What I’ve Been Reading: April 2018

36519506The Very Worst Missionary: A Memoir or Whatever by Jamie Wright

As a quirky Jewish kid and promiscuous punkass teen, Jamie Wright never imagines becoming a Christian, let alone a Christian missionary. She is barely an adult when the trials of motherhood and marriage put her on an unexpected collision course with Jesus. After finding her faith at a suburban megachurch, Jamie trades in the easy life on the cul-de-sac for the green fields of Costa Rica. There, along with her family, she earnestly hopes to serve God and change lives. But faced with a yawning culture gap and persistent shortcomings in herself and her fellow workers, she soon loses confidence in the missionary enterprise and falls into a funk of cynicism and despair.

Nearly paralyzed by depression, yet still wanting to make a difference, she decides to tell the whole, disenchanted truth: Missionaries suck and our work makes no sense at all! From her sofa in Central America, she launches a renegade blog, Jamie the Very Worst Missionary, and against all odds wins a large and passionate following. Which leads her to see that maybe a “bad” missionary–awkward, doubtful, and vocal—is exactly what the world and the throngs of American do-gooders need.

I’ve already touched on this, but Jamie is one of my favorite people ever.  There’s so many good things to say about her: she’s relatable, confident, and loving.  She’s unapologetic about who she is.  She’s the embodiment of how a Christian should treat other people.  And this woman is good at writing.

There’s a lot of good to say about the book itself, too.  Though Jamie has a blog, and ended up with the book deal because of it, it does not fall into the trap many bloggers-turned-authors do — the book does not read like an expanded, print form of her blog.  It’s one part memoir and one part critique.  She tells her whole life story, and it’s funny and touching at the same time.  And she critiques Christian missions and the church from the inside.  She has a great perspective, and looks critically at it without being overly critical.  I’d recommend it just because it’s an enjoyable read, but also because it’s a good wake-up call, and it’s a good idea of how Christians are truly supposed to live.

693208The Absolutely True Diary of a Part-Time Indian by Sherman Alexie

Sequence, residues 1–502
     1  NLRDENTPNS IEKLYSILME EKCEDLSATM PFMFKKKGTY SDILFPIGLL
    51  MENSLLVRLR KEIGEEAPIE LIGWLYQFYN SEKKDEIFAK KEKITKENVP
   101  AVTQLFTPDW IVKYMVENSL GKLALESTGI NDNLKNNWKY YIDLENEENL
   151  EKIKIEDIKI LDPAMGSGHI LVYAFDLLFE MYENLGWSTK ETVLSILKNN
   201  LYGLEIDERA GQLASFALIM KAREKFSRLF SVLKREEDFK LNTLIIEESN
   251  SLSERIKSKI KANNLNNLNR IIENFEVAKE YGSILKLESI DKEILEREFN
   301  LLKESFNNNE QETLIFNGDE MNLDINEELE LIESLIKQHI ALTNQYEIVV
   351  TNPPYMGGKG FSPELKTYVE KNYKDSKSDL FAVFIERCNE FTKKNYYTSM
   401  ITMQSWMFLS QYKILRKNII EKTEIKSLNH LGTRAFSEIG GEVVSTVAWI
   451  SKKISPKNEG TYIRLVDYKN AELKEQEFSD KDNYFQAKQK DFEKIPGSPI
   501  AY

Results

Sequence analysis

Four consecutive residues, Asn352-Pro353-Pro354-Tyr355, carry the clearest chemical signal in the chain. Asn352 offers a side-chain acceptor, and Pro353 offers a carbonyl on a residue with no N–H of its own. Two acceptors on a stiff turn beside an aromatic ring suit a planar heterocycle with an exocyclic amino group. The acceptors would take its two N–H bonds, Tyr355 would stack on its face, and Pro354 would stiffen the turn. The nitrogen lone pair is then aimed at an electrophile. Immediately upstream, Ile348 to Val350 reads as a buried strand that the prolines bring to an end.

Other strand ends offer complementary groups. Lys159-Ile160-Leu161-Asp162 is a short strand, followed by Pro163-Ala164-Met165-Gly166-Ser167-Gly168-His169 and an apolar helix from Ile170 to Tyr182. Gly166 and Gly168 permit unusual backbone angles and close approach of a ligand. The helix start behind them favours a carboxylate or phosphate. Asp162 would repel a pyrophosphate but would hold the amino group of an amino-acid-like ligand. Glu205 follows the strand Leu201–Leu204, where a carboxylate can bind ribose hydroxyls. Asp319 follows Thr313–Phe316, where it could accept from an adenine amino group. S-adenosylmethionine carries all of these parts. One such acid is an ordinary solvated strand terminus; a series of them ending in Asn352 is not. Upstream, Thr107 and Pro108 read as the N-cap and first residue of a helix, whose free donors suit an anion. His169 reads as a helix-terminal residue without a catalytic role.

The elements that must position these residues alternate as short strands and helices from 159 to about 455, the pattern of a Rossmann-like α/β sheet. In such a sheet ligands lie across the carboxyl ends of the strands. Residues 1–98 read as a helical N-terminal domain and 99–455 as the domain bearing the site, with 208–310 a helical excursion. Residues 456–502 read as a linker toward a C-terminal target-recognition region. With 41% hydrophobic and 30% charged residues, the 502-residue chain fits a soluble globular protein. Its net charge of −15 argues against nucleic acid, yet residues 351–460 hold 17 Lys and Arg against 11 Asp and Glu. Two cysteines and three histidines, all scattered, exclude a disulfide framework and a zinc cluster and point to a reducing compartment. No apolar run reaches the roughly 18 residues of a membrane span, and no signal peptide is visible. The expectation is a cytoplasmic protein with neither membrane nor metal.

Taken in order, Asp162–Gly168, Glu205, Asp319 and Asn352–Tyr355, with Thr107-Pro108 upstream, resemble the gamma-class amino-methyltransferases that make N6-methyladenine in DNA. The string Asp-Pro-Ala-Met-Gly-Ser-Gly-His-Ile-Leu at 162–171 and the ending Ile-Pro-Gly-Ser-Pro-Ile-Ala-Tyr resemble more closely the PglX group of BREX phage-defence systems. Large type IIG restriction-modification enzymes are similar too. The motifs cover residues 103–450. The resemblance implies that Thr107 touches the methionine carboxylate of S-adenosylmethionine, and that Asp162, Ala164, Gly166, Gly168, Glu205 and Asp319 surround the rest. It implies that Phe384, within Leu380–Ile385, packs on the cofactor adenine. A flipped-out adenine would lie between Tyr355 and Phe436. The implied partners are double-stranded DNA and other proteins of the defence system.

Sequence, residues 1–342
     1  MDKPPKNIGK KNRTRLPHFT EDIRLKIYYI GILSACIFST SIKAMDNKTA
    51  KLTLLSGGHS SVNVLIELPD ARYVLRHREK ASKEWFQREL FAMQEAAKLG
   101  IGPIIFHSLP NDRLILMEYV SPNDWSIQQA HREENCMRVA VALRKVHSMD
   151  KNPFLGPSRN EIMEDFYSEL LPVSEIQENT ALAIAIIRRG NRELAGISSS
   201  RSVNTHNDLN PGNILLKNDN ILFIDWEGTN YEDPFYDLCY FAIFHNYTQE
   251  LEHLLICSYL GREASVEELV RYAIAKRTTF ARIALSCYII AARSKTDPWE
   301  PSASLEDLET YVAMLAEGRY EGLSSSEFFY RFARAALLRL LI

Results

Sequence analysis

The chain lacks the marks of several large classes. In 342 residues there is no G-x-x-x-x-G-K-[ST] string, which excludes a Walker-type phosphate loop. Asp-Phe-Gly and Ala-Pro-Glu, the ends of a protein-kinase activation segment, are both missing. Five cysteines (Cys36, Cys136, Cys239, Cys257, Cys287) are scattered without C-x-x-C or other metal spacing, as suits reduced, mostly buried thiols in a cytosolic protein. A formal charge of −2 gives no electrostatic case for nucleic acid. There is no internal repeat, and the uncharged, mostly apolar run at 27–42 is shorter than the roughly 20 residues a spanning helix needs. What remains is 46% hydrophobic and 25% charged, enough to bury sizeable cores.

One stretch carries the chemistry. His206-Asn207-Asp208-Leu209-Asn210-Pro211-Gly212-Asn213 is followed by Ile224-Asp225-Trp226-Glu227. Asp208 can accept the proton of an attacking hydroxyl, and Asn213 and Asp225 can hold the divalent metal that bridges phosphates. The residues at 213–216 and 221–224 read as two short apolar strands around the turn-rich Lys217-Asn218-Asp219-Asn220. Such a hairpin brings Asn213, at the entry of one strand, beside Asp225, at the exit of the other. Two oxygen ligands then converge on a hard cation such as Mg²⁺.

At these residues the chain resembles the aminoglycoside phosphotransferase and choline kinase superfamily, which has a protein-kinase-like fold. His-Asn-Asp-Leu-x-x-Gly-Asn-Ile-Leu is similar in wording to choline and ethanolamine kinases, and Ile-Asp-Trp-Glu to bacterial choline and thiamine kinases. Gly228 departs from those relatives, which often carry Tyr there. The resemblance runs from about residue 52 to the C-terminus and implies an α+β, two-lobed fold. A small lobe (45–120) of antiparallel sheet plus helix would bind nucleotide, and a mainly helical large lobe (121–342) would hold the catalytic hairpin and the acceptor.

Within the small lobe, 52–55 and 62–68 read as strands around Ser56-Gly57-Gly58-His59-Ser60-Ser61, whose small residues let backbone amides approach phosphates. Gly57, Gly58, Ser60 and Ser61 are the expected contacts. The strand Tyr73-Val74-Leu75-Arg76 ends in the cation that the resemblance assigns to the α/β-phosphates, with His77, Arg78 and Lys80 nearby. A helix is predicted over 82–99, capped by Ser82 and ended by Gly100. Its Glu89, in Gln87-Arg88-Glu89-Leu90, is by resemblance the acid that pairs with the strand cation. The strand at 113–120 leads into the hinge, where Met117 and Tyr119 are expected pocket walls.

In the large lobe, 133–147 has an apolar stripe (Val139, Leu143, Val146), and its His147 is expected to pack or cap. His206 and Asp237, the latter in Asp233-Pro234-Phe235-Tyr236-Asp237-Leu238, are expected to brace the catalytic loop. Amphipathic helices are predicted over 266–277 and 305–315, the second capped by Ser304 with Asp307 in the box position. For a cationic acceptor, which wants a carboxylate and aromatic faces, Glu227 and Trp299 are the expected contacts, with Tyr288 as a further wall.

Bestselling author Sherman Alexie tells the story of Junior, a budding cartoonist growing up on the Spokane Indian Reservation. Determined to take his future into his own hands, Junior leaves his troubled school on the rez to attend an all-white farm town high school where the only other Indian is the school mascot.

Heartbreaking, funny, and beautifully written, The Absolutely True Diary of a Part-Time Indian, which is based on the author’s own experiences, coupled with poignant drawings by Ellen Forney that reflect the character’s art, chronicles the contemporary adolescence of one Native American boy as he attempts to break away from the life he was destined to live.

I cannot believe I did not read this book before 22 years old.  My best friend has recommended it several times, and the first few times it didn’t sound that great, but y’all.  This is so freaking good!

The genre is technically autobiographical fiction.  Alexie really did live through most of the exact things Junior experiences.  Knowing that makes this book so, so sad — and so, so important.  This book is a rare (or maybe I just don’t know where to look?) look at how Native Americans live and are treated and are perceived in this country.  Here’s a hint: it’s not good.  Native Americans are probably the single most marginalized group of people in this entire nation and that’s just disgusting, because they’ve been here longer than literally everyone else.  So you should read this, because it’s good and it’s important.

27833513Results May Vary by Bethany Chase